The need for a reliable strategic planning framework for distance educators and their institutions has never been greater than it is now. Increased government regulations, accreditation standards, and competition are converging with decreased funding from federal, state, and private sources, and administrators require better strategic planning. A strategic planning model known as the Balanced Scorecard has met with widespread adoption and sweeping success among the business community, but, surprisingly, has not been widely adopted among institutions of higher and distance education. In this article the authors share what they have learned about this strategic planning model through a review of the available literature and their own early efforts to introduce it to their institution, the Division of Continuing Education at Brigham Young University in Provo, Utah.
Purpose – This paper aims to offer junior scholars a front-to-back guide to writing an academic, theoretically positioned, qualitative research article in the social sciences.
Design/methodology/approach – The paper draws on formal (published) advice from books and articles as well as informal (word-of-mouth) advice from senior scholars.
Findings – Most qualitative research articles can be divided into four major parts: the frontend,
the methods, the findings, and the backend. This paper offers step-by-step instructions for writing each of these four parts.
Originality/value – Much of the advice in this paper is taken-for-granted wisdom among senior scholars. This paper makes such wisdom available to junior scholars in a concise guide.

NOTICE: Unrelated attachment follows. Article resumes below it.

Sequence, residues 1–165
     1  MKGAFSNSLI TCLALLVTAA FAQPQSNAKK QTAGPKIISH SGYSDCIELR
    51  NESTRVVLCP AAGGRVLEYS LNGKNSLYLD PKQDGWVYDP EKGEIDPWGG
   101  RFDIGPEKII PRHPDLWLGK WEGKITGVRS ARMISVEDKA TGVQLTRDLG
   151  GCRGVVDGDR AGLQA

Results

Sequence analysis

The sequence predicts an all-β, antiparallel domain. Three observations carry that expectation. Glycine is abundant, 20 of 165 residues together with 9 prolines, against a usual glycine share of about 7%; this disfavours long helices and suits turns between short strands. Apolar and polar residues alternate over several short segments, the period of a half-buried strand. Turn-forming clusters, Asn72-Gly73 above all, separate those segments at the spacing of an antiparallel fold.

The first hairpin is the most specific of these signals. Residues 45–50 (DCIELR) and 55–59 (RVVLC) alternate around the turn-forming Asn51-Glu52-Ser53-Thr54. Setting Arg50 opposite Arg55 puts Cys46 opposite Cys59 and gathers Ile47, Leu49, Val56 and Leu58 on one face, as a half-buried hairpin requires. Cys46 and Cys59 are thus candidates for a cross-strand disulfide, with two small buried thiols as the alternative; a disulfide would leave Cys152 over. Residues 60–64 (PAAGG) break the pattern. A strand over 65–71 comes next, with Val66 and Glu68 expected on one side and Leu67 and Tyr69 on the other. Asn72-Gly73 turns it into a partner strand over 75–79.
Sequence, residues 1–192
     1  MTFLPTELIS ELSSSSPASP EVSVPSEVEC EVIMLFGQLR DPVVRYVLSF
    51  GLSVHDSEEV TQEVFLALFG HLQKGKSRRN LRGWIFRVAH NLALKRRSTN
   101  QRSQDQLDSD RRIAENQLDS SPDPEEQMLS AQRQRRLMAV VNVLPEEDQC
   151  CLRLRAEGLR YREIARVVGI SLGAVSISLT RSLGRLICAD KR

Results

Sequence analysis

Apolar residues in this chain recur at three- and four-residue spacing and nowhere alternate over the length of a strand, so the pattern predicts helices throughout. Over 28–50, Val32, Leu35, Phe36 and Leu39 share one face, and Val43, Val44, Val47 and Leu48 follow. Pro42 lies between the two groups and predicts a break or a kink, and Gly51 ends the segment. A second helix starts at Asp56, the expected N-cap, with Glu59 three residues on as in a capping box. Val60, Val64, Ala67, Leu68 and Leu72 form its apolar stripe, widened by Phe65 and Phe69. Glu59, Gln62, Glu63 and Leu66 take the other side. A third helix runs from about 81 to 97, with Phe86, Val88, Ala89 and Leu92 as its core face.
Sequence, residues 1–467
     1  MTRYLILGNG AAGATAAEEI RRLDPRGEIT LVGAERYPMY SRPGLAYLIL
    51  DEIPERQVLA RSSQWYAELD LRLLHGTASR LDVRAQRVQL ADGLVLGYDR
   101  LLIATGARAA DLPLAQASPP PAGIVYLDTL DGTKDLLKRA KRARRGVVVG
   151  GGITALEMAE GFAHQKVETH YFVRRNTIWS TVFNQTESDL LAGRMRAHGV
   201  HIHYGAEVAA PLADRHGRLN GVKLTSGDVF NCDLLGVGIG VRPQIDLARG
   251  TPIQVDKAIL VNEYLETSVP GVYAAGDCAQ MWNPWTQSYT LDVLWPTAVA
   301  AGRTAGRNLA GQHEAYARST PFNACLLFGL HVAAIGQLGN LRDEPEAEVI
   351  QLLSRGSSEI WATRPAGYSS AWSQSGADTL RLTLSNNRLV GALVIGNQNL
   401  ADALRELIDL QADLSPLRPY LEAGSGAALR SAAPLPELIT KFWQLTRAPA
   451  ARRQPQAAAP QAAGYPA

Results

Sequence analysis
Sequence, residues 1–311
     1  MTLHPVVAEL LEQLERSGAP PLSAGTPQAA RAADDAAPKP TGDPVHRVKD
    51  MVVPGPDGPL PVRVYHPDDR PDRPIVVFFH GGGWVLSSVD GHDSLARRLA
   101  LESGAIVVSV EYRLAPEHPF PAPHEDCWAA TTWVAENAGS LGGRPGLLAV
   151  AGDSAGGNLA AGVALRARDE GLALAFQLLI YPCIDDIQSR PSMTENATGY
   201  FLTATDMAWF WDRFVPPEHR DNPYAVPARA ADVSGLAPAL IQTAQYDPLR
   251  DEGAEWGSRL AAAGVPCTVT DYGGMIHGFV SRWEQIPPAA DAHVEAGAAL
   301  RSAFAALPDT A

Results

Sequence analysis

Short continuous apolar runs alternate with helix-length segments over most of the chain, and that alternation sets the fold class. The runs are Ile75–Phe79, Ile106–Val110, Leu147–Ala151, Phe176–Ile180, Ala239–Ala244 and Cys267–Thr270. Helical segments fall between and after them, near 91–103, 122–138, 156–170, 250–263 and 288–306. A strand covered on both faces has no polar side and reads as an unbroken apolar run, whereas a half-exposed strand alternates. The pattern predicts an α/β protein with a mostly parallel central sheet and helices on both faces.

Keywords Qualitative research, Theoretical contribution, Writing an article
Paper type Technical paper
The line between collaboration and cheating is fuzzy. It’s still clear at the edges, but messy in the middle. When students are working in groups, searching for a solution to a problem, looking through possible answers for the best one, or sorting out material to include in a presentation, that’s collaboration. When one student in the group solves the problem and everyone else copies the answer, that’s cheating. When one student fails to deliver material she or he’s been assigned and the rest of the group covers, that’s cheating.
This purpose of this article is to introduce others to a successful, innovative, self-funding model of entrepreneurship education through a collaborative effort among seven universities and colleges in Northeast Ohio. Ashland University, Baldwin-Wallace College, Case Western Reserve University, Cleveland State University, John Carroll University, Kent State University, and The University of Akron created a new 501(c) (3) non-profit corporation called the Entrepreneurship Education Consortium (EEC) http://www.eecneohio.com/acorn.php?page=home to stimulate
entrepreneurial activity within the region.
n November 2005, the province of Ontario and the federal government signed two historic agreements – the Canada-Ontario Labour Market Development Agreement and the Canada-Ontario Labour Market Partnership Agreement. One year later, on Nov. 24, 2006, key labour market stakeholders, including users, delivery agents and government came together to collectively take stock of progress and to explore how partners can help governments move forward with successfully implementing the agreements.